Step 2: Design a framework
Where are we?
You know how to set the goals for a Web site. There are goals for site owners, visitors, and developers. Now it’s time to start designing something to meet those goals.
This page’s goals
This page gives you the big picture of site frameworks. By the end of this page, you should:
- Know what a Web site’s framework is.
- Know what the main parts of a framework are.
Once you see the big picture, we can look at the individual pieces.
A framework is like the chassis of a car:
Or the skeleton of a fish:
A good framework will hold your site together.
There are three parts to a framework:
- Information architecture
- Page layout
- Look and feel
This is about the sections and subsections of the site. The goal is to help site visitors zero in on the information they need.
When you finish the information architecture step, you have a structure map that shows the major parts of your site.
Figure 1. Structure map for a dog nutrition site
Each page on the site will have regions, like a header, a left nav bar, a bottom nav bar.
Figure 2. Page layout
Most sites use just one or two layouts for all pages. The pieces that you put into the regions (e.g., the nav bar in the header) are reused across all pages with the same layout. You only need to create them once, and they appear on every page.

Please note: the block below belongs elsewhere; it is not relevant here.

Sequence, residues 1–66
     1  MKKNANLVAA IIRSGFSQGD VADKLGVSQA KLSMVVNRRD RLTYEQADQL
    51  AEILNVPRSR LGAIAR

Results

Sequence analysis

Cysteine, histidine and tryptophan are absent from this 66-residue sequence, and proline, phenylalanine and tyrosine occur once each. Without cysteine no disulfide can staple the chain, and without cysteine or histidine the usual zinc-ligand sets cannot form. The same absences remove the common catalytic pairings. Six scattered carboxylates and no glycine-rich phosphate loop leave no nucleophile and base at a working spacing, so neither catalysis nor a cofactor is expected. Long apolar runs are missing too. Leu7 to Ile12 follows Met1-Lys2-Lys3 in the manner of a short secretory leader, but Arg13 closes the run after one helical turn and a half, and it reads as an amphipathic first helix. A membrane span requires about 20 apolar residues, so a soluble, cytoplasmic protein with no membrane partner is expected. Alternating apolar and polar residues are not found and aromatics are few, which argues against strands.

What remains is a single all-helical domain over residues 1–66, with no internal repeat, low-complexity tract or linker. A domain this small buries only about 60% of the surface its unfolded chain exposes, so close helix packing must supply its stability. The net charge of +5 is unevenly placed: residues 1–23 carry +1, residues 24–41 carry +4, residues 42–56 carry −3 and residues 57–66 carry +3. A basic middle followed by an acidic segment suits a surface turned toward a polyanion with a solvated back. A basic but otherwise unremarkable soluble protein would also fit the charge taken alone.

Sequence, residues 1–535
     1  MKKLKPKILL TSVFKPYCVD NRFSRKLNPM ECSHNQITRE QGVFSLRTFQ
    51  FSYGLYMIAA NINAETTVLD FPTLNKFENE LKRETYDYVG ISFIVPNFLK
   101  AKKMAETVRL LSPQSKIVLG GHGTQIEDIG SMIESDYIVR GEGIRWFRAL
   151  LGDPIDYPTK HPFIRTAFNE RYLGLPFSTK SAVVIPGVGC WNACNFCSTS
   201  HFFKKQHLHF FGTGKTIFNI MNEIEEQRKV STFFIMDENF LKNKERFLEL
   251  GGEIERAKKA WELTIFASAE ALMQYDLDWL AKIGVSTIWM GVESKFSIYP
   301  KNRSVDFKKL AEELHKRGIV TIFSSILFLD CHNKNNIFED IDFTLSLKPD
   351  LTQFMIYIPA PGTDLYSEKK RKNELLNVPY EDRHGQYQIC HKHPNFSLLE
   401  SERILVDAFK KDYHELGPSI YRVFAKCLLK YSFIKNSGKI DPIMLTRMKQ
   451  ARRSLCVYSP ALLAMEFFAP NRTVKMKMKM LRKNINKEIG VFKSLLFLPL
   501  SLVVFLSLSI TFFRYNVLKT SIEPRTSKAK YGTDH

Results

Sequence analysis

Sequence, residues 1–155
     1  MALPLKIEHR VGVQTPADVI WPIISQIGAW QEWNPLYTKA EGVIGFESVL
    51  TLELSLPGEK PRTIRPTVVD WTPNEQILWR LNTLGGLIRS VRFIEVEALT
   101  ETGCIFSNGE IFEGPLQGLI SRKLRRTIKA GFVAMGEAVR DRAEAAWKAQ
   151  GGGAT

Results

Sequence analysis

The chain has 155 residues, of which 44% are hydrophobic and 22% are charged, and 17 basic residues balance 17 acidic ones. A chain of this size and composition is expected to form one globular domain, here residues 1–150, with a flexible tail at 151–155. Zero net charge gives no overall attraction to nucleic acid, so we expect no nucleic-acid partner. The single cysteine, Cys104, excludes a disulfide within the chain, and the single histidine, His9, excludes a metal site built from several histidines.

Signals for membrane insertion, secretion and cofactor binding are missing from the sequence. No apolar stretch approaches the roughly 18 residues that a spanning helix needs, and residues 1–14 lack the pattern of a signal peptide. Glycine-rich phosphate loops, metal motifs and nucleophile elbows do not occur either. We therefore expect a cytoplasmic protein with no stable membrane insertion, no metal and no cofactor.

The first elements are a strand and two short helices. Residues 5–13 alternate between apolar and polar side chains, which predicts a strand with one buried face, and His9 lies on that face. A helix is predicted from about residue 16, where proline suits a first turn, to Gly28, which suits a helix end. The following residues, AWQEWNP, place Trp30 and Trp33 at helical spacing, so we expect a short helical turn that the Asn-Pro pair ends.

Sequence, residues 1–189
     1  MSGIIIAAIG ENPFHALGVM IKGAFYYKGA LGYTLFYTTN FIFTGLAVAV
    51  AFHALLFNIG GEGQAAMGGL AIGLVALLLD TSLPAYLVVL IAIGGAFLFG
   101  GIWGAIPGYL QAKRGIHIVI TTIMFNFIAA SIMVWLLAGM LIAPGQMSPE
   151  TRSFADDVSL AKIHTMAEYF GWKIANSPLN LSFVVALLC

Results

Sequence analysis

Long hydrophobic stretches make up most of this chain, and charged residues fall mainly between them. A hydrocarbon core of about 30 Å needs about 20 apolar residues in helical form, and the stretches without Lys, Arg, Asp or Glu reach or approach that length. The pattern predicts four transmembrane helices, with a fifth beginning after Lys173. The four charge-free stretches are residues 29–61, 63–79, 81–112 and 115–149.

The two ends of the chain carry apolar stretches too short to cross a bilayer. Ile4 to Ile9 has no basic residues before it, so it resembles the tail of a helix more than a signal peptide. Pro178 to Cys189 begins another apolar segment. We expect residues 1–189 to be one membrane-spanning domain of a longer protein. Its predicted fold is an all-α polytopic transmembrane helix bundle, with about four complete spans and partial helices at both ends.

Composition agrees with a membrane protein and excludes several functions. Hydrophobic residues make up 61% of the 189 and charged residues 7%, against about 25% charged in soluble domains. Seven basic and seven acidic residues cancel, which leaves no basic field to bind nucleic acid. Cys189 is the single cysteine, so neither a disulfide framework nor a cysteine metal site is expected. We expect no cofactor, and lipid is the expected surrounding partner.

Look and feel
You need to create a site that looks good and is easy to use. This means choosing colors, fonts, graphics, and so on.
Once you have thought about information architecture, page layout, and look and feel, you can make templates. You can make them from scratch, or reuse a design, as we did earlier.
Because I suck at art, I always reuse designs. If you can paint and draw, try making your own designs.
This page gives the big picture of site frameworks.
- A Web site’s framework is a skeleton the site is built around.
- The main parts of a framework are information architecture, page layout, and look and feel.
We’re going to talk about how to create the three things: information architecture, page layout, and look and feel.
Let’s start with information architecture.